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Thursday, 19 September 1985
Page: 750

Senator BOLKUS —I direct my question to the Minister for Finance. It relates to the expenditure of government moneys by non-government authorities. Is it a fact that the Managing Director of the Australian Opera company, Mr Patrick Veitch, has negotiated a superannuation and salary package which gives him an excessive superannuation pay-out after a short period as well as excessive non-salary benefits? In view of the fact that the Federal Government allocated $4m to the company this financial year, does the Minister think that this sort of arrangement is an unacceptable use of government moneys? Accordingly, will the Minister investigate the matter with a view to ascertaining whether the company has made an acceptable level of provision for such contingent liabilities as this one and any other that may apply? Further, will the Minister inquire into the matter to ascertain whether, in view of such arrangements and the company's financial difficulties, as well as in the interests of efficiency, the company should be allowed to trade?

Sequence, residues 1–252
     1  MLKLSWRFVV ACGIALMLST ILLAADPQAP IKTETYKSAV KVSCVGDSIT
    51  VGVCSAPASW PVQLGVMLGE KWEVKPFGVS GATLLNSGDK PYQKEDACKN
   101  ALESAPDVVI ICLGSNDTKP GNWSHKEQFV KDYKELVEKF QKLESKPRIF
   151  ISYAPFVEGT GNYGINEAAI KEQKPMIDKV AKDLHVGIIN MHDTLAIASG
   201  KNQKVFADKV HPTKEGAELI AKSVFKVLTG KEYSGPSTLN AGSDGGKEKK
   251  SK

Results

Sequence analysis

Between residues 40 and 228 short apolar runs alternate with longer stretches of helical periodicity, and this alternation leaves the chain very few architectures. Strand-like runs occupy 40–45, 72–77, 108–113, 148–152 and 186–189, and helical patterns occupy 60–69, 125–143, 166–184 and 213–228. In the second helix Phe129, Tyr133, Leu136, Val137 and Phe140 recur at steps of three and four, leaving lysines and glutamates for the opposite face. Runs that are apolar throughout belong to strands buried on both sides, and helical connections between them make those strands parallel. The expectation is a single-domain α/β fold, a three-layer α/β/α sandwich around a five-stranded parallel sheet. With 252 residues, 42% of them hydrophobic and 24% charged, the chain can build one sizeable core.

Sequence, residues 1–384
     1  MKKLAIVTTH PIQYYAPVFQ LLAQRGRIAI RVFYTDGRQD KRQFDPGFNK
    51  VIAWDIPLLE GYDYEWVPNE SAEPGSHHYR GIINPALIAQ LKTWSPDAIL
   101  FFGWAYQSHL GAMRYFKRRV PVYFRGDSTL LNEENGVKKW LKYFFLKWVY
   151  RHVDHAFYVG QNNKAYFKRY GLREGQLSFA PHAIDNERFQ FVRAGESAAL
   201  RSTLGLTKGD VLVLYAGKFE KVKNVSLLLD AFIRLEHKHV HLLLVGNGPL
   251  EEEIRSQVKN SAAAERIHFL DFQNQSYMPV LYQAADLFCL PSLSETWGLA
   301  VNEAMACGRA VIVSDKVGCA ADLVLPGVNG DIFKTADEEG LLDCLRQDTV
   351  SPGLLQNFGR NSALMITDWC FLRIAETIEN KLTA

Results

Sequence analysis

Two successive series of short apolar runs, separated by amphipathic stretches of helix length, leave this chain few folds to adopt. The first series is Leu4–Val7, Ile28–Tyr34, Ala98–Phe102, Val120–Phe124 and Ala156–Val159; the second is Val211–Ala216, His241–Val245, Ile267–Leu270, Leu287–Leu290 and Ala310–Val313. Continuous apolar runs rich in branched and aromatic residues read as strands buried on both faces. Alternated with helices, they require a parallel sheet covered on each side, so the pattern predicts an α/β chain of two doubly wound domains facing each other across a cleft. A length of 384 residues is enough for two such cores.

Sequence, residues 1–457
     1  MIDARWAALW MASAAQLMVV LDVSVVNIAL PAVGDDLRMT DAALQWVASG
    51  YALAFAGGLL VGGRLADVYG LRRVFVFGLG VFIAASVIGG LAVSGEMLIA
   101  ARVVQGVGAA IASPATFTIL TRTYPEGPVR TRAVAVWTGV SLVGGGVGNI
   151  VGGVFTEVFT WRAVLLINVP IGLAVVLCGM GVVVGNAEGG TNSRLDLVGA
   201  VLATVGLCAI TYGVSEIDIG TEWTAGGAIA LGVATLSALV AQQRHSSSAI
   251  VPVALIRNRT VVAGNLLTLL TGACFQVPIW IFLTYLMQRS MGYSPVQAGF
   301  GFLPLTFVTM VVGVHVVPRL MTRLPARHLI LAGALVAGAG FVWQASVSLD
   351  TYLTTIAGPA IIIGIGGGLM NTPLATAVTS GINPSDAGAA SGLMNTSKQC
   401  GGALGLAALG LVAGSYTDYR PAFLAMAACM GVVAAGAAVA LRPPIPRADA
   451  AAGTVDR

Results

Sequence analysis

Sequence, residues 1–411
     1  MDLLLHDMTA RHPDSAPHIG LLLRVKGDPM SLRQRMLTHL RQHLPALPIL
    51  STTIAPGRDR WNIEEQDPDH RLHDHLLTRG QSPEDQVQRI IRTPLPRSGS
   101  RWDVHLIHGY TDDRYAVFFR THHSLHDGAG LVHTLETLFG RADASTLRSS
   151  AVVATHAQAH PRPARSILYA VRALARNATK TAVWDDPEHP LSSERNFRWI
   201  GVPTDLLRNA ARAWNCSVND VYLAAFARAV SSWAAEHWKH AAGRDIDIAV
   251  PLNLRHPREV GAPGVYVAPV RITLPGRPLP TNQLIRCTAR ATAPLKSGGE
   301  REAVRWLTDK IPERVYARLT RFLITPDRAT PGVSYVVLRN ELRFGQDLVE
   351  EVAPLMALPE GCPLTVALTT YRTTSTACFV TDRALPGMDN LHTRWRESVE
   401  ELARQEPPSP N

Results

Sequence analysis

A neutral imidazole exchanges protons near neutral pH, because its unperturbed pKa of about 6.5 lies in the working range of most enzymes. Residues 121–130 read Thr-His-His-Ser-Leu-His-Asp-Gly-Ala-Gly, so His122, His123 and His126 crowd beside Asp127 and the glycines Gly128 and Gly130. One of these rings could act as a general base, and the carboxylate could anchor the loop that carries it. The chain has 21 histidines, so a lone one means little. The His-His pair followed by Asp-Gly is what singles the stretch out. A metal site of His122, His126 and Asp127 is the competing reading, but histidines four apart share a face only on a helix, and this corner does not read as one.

Senator WALSH —The Government has received some information regarding Mr Veitch's superannuation package, but it has been supplied on a confidential basis, and the opera company is an incorporated company. So, subject to further consideration by Mr Cohen, the Minister who is primarily relevant, I do not feel inclined to disclose the details of that-or at least not without consulting Mr Cohen. However, as Finance Minister, I see and approve of a number of superannuation arrangements for temporary employees of the Commonwealth in the Special Executive Service, among others, some of which entail a lump sum payment, and I know that none of those arrangements, expressed as a percentage of the salary, is nearly as generous as the package which is being provided for Mr Veitch, although Mr Veitch's package is not as widely extravagant as suggested in some rumours which have circulated and which I have heard in the last 12 months. Whether the company should be allowed to trade in view of its contingent liabilities in this and other areas is a question that I do not think I can even attempt to answer. I will refer that to Mr Cohen for consideration.